Thousands of people march UK streets over pay protests
Tens of thousands of public sector workers took part in street protests through central London yesterday to highlight the need for pay to increase.
Simultaneous protests took place in Glasgow and Belfast, with teachers, nurses, civil servants and hospital workers lining the streets, opposing the government’s below-inflation 1% pay offer for public sector workers, demanding rise in national minimum wage and living wages, asking assurance for caps to be placed on extortionate executive salaries.
Many of those protesting had also been on strike this week, including midwives, who were striking for the first time ever.
The Trade Union Congress (TUC), which organised the protests under the slogan “Britain Needs a Pay Rise”, proclaims that between 80,000 and 90,000 people took part in the London march, though this is yet to be independently confirmed.
The slogan became a trending hashtag on Twitter during the protest with people using it to tweet pictures and videos of the protest or support the marchers from afar.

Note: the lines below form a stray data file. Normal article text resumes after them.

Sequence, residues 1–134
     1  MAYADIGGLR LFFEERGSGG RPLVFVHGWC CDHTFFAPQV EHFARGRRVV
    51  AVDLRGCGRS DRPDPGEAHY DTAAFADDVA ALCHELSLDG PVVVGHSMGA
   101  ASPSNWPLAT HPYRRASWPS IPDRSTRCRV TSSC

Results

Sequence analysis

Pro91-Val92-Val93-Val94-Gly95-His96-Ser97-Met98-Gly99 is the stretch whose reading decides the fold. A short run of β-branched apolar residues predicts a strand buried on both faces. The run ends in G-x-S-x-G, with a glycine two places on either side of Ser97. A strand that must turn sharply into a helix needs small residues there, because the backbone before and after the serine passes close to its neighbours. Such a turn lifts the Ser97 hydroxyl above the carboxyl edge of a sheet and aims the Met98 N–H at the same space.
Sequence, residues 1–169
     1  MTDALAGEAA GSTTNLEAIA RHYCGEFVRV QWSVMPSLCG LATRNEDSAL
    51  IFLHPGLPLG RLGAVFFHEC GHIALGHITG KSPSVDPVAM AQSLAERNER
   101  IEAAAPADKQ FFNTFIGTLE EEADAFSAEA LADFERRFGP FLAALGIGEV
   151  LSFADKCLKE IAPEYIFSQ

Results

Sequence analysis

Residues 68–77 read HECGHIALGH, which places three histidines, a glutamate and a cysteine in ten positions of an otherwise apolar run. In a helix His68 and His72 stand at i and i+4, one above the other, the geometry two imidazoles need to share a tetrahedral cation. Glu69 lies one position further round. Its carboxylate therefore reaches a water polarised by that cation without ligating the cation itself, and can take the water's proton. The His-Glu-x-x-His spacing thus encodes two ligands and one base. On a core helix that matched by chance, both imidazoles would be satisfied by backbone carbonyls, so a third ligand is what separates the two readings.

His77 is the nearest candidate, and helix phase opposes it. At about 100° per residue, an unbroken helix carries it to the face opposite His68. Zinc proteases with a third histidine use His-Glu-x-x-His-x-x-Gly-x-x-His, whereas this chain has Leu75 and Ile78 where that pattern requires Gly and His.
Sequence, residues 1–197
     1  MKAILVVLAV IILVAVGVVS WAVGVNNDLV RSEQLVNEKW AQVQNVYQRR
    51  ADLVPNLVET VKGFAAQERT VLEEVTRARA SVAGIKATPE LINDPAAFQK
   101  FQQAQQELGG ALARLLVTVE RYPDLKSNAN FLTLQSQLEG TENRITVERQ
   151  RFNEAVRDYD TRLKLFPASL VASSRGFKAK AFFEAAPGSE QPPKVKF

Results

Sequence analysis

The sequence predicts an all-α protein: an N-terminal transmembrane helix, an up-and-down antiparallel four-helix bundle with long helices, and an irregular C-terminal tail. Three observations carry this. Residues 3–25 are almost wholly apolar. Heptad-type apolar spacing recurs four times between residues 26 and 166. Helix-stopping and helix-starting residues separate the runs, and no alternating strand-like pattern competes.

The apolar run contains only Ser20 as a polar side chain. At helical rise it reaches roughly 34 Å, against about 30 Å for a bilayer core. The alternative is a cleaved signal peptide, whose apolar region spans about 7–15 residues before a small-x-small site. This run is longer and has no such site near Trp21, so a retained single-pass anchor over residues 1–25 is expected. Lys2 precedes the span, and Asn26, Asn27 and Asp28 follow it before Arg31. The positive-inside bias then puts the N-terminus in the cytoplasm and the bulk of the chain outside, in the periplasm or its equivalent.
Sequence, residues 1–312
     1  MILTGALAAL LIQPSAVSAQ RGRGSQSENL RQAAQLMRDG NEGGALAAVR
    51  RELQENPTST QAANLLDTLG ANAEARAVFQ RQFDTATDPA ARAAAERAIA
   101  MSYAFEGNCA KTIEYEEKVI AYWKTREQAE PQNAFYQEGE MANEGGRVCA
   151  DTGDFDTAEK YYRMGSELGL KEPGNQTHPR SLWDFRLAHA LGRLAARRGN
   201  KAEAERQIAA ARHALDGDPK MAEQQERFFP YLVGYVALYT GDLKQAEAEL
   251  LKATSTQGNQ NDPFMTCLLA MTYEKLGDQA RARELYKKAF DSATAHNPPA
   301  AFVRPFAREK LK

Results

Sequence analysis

The Metropolitan Police noted that London’s march was “peaceful and well-organised”. Harry Leslie Smith, 91, who had the Labour conference in tears over his speech praising the NHS, was a speaker at the TUC rally.
He stated: “The march for fair wages may have just began but as long as our strides are in solidarity with all those we have suffered under austerity we may reach the end of our journey by next year’s general election.”
The TUC has revealed that people are currently facing the biggest squeeze on their incomes since Victorian times and that average wages have “fallen by £50 a week in real terms since 2008”.
However, a Treasury spokesman said: “Under this government we’ve seen the largest annual fall in unemployment, more people in work than ever before and inequality lower than the average under the previous government, proving that the government’s long-term economic plan is working.”
Hospital radiographers and prison officers will take part in further strikes the coming week as part of the same dispute.